So, here's the point.  One of the guys was noticeably irritated with me and I happen to really like and respect him a lot.  I got pocket 6's and checked them on the button with some callers ahead of me.  The flop came Q, 6, and something else.  After everyone else checked around to me, I bet my set with a healthy raise.  The SB (whom I like and respect) angrily shoved all in.  He was probably frustrated because I was raising him off of his hands most of the game.  Everyone else folded back around to me and I did something that I will never do again.  Want to guess what that was?

I "contemplated" my hand, appeard to "struggle" with my decision, and folded my set face down saying, "I can't beat your set."  He showed me his bluff (of course I knew he didn't have anything) and I patted him on the back and told him what a great move he made on me.


Since that night, I've won 2 out of 10 games.  At various times in almost all of those games, I've had nice sized chip stacks too that I should have eventually won with.  I'm going to Vegas in less than 3 weeks and this crap I'm throwing out is going to get me killed!  Yesterday, I suffered 4 straight losses. I didn't sleep well last night, to say the least.  Who loses sleep over low-stakes poker games?  Me!  Most of the guys I play with play for fun.  I want the fun too, along with being able to hang out with a lot of really great men.  But I play to win and I would play that way even if there was no money at stake.  I just want to win. 

I don't think I'm God's gift to poker and that I should win every game just by showing up.  That's crazy.  I'm still relatively new at this game.  Rob and Chris are great players that make me want to be better.  Prescott's maniac game can put an entire table badly off balance.  I've seen Charlie make some seriously disciplined lay downs that I've learned from.  Spain's loose-passive style can trap you and his big hands will shut you down.  Cody's unpredictable and not scared to bluff and chase the river.  Brandon's hard to push off of a hand.  Keith is the most improved player at the table who's really starting to put a serious game together.  Larry can push a big stack around as good as anyone (and plays Q 3 like champ) and George could literally have anything in any hand.

But this is not another bad beat story and I'm not whining about my recent losses.  I'm grateful for them.  They made me wake up and pull my head out.  I'm not having fun when I lose 8 out of 10 games.  Losing SUCKS!  I'm going to start playing my big hands big - period.  My style has to be Tight-Aggressive.  I'll either wait for cards or position, and then I'll get the best of it.  If I get "rivered", so be it.  That river won't be free.  I'll still get my butt handed to me from time to time, but it won't be because I didn't do my best to equalize.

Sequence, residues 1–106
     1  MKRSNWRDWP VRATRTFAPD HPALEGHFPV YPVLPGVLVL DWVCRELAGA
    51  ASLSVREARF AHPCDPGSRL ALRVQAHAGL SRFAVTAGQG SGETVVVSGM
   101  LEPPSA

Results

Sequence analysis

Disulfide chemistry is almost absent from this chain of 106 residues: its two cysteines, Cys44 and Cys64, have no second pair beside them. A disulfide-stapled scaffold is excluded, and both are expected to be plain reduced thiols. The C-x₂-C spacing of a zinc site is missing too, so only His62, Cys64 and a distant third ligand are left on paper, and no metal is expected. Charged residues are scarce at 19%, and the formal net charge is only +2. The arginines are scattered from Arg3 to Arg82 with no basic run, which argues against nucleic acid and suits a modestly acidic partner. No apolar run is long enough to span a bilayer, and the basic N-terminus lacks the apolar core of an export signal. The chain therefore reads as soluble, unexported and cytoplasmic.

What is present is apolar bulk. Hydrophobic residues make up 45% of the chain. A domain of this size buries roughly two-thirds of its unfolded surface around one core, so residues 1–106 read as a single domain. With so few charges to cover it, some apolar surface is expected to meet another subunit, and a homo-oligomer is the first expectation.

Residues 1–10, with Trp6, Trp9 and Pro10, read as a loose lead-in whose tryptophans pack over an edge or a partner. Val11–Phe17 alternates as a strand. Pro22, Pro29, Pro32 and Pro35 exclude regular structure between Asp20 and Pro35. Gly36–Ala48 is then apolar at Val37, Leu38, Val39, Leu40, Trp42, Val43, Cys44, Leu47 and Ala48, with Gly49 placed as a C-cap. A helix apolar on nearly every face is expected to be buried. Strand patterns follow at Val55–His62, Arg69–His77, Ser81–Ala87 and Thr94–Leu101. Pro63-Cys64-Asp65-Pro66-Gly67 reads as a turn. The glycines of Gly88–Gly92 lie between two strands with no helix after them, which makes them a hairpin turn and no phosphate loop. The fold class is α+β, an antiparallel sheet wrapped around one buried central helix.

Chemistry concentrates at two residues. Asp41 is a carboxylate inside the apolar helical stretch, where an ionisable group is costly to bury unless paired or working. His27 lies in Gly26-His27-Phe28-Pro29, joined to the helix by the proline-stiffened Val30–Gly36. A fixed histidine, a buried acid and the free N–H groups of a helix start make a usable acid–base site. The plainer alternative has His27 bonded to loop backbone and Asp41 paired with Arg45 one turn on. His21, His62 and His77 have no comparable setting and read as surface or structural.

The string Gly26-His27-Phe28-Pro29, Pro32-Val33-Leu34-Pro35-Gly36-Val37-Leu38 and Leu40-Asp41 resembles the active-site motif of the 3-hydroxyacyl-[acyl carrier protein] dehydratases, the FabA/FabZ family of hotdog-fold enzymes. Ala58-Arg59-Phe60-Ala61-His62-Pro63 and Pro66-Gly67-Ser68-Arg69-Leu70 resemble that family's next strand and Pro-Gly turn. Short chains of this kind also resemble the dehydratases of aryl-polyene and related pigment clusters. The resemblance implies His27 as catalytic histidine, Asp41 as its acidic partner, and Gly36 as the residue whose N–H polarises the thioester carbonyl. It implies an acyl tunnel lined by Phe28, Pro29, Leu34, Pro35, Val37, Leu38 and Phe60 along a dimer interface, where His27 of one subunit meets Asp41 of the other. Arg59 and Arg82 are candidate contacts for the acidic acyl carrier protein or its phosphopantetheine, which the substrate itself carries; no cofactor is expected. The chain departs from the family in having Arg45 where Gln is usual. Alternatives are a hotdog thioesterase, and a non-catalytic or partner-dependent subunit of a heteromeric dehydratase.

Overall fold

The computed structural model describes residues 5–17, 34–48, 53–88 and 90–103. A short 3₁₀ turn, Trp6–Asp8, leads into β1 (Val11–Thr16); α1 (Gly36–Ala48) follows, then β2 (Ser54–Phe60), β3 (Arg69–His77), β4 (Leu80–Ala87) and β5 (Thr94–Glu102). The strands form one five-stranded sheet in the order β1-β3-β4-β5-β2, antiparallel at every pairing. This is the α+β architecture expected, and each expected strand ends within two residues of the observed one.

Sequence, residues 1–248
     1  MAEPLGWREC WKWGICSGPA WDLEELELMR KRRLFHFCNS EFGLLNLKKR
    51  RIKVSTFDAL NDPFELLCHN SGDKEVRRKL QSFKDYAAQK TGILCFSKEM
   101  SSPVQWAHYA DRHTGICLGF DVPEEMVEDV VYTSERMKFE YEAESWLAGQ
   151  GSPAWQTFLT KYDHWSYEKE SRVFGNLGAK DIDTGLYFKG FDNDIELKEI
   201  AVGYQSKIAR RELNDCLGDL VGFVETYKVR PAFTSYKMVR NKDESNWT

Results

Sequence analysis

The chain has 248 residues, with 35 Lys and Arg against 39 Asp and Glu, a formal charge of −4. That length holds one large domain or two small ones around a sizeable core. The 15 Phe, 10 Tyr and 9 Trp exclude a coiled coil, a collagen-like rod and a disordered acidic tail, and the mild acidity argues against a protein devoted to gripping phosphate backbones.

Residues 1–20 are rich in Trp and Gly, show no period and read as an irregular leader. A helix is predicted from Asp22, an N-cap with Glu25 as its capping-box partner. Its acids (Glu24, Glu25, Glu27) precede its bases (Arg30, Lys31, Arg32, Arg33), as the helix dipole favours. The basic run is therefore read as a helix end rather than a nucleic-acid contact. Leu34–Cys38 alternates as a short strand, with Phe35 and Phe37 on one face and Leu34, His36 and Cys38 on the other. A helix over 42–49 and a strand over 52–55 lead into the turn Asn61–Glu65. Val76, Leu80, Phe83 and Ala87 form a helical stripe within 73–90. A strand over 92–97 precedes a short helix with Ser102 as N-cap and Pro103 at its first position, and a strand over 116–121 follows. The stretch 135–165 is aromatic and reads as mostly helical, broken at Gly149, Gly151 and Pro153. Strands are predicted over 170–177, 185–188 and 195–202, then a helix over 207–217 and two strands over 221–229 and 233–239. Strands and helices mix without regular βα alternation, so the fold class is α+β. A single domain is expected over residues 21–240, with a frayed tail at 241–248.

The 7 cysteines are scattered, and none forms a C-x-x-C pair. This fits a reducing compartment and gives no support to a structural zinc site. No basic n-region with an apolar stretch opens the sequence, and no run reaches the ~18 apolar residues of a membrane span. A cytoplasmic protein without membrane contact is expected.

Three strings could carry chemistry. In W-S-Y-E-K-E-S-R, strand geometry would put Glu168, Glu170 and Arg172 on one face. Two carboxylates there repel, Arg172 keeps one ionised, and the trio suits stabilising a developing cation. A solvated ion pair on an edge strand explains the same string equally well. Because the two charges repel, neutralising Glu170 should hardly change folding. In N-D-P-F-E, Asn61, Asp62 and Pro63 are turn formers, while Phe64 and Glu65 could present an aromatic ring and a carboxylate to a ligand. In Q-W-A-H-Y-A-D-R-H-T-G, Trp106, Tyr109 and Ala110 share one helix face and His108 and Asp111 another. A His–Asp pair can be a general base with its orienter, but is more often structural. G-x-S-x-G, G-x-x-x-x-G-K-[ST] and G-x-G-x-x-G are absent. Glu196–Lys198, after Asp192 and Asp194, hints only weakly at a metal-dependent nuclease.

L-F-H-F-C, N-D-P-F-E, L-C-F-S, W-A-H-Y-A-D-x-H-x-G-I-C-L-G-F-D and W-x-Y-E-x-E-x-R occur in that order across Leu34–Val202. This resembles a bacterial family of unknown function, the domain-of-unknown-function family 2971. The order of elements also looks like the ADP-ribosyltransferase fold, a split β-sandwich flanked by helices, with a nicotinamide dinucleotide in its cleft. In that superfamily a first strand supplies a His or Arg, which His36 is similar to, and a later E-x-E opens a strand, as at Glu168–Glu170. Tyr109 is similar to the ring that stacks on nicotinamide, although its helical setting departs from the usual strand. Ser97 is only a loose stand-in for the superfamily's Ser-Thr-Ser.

That's it.

Saturday, December 11, 2010

Texas Holdem: 10,000 Hours to Achieve Greatness

I'm listening to the book by Malcolm Gladwell, called "Outliers".  In his book, Gladwell points out that throughout history, greatness has come from, among other things, 10,000 hours of practice.  He names several important historical figures that became great after 10,000 hours of working on their trade.  To this point, the most interesting 10,000 hour story that I've heard is Bill Gates of Microsoft, but plenty of others come to mind fairly easily:  Michael Jordan, Tiger Woods, Brett Favre . . . . Doyle Brunson.

I've only been playing poker for about 3 years.  Gladwell says that it takes at least 10 years to hit 10,000 hours, but that's about 3 hours per day, 7 days per week.  3 hours per day isn't easy.  Most of us have very busy lives.  And 10 years?  I don't know if I can stand to wait 10 years for greatness.  Anyways, I haven't put in 3 hours per day.  Gosh!

I've played live and online probably about 12 hours per week and I've watched poker on TV about 2 hours per week.  That's just 2 hours per day.  And, now I'm reading books on Texas Hold'em.  For what it's worth, I think about poker probably about 16 hours per day, on and off.  I even dream about it sometimes, but not about winning or losing.  My dreams are usually about playing specific hands - kind of hard to explain.

Anyways, I'm pretty sure that thinking and dreaming about something doesn't count towards my 10,000 hours, so I probably have about 12 long years of consistent practice before I achieve greatness in poker.  Bummer - 12 years of playing poker.  : )

If anyone wants to put together a regular Texas Hold'em game, count me in.  I need the practice.